Burg Hohenzollern (it's only a model/shh?)
Burg Hohenzollern (it's only a model/shh?)

And walked… god it was hot out there… well, at least I'd get decent photos today (it was overcast most of the places I'd been so far on the trip).

Burg Hohenzollern

Entering Burg Hohenzollern
Entering Burg Hohenzollern
The spiral entrance to Burg Hohenzollern
The spiral entrance to Burg Hohenzollern

And there I was! The entrance to the castle is great, you can only get in via a covered spiral ramp thing, which would be brill for defending – lots of extra distance to cover, and easy to build blockades in – and if they wanted to come over the top of that, they'd have to not just scale its height but the height of the hill it's on the edge of. Good thinking whoever invented those.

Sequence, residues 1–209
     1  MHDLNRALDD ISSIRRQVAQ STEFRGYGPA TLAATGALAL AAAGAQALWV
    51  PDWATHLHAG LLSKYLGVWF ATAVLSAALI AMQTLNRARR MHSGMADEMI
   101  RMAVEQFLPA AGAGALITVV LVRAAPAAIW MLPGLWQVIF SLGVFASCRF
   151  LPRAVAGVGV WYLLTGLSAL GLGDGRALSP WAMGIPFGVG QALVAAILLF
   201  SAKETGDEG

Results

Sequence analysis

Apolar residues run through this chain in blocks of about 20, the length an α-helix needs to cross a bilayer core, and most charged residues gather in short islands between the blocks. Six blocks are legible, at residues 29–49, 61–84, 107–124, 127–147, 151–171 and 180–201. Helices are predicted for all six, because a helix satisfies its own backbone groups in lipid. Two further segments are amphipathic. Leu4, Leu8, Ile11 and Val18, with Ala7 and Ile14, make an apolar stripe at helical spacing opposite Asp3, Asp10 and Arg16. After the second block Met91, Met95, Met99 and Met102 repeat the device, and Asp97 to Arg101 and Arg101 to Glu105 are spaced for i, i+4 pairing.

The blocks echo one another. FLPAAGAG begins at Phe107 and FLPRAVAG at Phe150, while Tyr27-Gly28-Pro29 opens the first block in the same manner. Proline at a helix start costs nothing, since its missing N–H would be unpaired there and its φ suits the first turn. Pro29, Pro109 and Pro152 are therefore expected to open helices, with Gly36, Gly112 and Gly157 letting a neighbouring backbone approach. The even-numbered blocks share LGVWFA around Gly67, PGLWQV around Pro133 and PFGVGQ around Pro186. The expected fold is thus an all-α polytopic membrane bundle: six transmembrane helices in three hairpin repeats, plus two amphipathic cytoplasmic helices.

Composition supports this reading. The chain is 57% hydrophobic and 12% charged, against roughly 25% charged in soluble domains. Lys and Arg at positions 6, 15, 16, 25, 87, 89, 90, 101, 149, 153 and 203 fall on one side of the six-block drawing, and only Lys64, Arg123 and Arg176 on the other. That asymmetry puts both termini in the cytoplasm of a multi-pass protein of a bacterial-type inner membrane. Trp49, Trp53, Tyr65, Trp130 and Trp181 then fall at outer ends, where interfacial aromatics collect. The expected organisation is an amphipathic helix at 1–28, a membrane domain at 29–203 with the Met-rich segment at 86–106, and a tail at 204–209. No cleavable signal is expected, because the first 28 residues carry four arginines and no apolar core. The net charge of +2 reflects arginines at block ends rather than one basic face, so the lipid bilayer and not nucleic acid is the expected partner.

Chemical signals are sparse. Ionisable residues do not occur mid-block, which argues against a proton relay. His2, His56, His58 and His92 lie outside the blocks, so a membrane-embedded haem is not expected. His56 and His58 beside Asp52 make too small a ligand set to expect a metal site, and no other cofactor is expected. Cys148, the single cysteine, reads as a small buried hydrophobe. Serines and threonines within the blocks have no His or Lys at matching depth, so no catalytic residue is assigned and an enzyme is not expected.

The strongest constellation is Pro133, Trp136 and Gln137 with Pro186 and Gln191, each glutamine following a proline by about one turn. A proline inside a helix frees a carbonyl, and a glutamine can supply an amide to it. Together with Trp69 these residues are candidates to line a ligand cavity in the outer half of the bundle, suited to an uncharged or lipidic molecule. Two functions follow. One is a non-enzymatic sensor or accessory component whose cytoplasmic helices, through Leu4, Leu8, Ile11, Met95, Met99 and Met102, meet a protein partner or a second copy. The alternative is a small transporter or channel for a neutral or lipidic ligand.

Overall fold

(Note that in the photo you can see the windows around the circular thing ascending in height from right to left, level with the ramp inside. The ramp opens at that archway to the left; the people up the top of the photo are walking on top of the roof of the ramp, not on the ramp itself.)

And then ate lunch, which doesn't get a photo, and then walked up the hill, feeling pretty tired/skanky!

The interior tour

Burg Hohenzollern courtyard
Burg Hohenzollern courtyard

Now, at this point, I got lucky. While I was mainly there to wander around the exterior, it's always good to go through the buildings. Unfortunately, like many historical places, you can only go through with guided tours (mainly so they can make sure you don't damage anything), and this not being a tourist hot-spot, they don't run regular tours in English.